The Damaging Effects of “Being a Good Girl or Boy”
When you were a child did one or both of your parents say to you, “Be a good girl” or “Be a good boy” in a consistent and authoritative manner? Was the answer to every problem or the basis for every solution for you to be compliant, quiet, without thoughts or opinions, without needs, or downright silent? Did you feel that the people in your family had needs or expressed behaviors that received more attention than yours did? Were you supposed to somehow take care of others or be the wise adult when you were just a child or teen? Were your feelings minimized or ignored to make room for someone else’s? If and when you expressed an emotion, need, or made a natural mistake that was uncomfortable for those around you to deal with, were you punished, shamed, neglected, or abused? Did you feel controlled by primary caregivers in order to be loved?
What were the messages you received about being good, bad, or about being yourself?
If you said yes to any of these questions you were raised in a lopsided, unhealthy, possibly narcissistic, alcoholic or drug-addicted home forcing you to disengage from your authentic self without proper guidance and care. This type of early environment creates fear and lack of trust in others and in ones self. This learned pattern can also make the recipient vulnerable to overly trusting controlling and abusive people because it is expected and familiar. This renders a child emotionally dependent upon limited, unhealthy caregivers who cannot support the child fully because in most cases the parent cannot implement adequate self-care or acknowledge their own destructive patterns. Essentially, it sends the message to never truly feel strong enough to be ones self or to be safe in relationships.
When assigned a role that impedes individuality and expression, it is as if the air has been let out of one’s spirit until the desire to be seen, heard, and understood resurfaces.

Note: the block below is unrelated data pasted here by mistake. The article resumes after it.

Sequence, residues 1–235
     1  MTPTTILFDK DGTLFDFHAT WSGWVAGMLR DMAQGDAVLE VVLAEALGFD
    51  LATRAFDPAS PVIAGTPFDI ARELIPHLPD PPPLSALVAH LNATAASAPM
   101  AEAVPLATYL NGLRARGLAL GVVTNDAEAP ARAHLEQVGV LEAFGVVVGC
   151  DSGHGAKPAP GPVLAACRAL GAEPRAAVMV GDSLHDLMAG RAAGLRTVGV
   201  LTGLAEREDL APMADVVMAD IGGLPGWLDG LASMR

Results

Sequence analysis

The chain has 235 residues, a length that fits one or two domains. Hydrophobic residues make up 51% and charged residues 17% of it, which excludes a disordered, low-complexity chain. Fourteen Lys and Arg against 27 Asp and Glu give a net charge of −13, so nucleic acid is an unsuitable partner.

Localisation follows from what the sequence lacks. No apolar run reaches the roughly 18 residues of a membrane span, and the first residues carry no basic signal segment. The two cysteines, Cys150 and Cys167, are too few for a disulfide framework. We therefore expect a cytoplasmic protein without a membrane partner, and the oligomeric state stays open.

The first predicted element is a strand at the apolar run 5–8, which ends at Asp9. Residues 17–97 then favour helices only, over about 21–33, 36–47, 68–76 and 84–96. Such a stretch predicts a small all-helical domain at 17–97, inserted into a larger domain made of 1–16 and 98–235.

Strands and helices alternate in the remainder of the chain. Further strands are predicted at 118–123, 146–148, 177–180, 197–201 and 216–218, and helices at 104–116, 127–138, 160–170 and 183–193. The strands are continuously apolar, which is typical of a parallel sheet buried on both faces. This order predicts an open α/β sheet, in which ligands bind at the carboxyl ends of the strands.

You may have detached from using your voice, forfeit your rights and boundaries, and instead learned to silence your authentic self and vulnerabilities to please and be loved- by being obedient to the influence, comfort, and lead of others. This type of family dysfunction can be reversed with intention, love, and doing good work if not in your family of origin, in your life and family now.
If you remember being told to, “Be a good girl” or “Be a good boy” as a primary mantra, more times than most anything else you heard or felt, you are not alone. You lived in a climate that was unhealthy, breeding interpersonal dis-ease and co-dependency. You were taught that your role was to cater to the needs of others and to diminish your own. That “normal” pattern set you up for future harmful co-dependent relationship patterns in late childhood and adulthood because that was reinforced as “normal” for you. You learned how to tolerate one-sided relationships and the implications of the expected compliance is a message stretching beyond the right to simply be yourself. Co-dependency patterns can be flushed out and with good work and support can be healed.
If you remember and still feel the effects of being raised to be “A Good Girl” or “A Good Boy” based on the responsibility shifting attitude and behaviors of your parents, you may be struggling with being yourself in your life today. You may find yourself succumbing to the whims and demands of inconsiderate or abusive partners. You may have difficulty seeing or hearing your children or setting limits with them. You may have loose boundaries with your friends and colleagues putting up with inappropriate behaviors and keeping your feelings to yourself, rather than speaking up and taking care of yourself. In all likelihood, your self-worth may be damaged and show up as perfectionism, self-doubt, discounting feelings, and displaying behaviors that indicate an inordinate need for approval and attention or self-shaming.
You deserved to be yourself, be accepted and loved for who you are, and be raised to be a good person. It was not your fault that unhealthy recurrent messages diminishing your personhood were delivered to you, especially by the caregivers who were designed to help you let your light shine. You have the power now to empower yourself and tell your truth while forgiving your parents for doing their best as you live in love and strength from now on. If you are a parent, your children also deserve to be themselves in all of their simple complexities and have you cheering them on!
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